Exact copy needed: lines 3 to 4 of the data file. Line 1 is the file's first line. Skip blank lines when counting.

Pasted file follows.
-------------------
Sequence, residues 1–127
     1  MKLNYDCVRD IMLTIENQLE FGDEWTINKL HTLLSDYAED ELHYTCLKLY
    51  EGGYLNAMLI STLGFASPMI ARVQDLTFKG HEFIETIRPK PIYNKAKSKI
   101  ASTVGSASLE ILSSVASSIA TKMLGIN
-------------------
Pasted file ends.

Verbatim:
    51  EGGYLNAMLI STLGFASPMI ARVQDLTFKG HEFIETIRPK PIYNKAKSKI
   101  ASTVGSASLE ILSSVASSIA TKMLGIN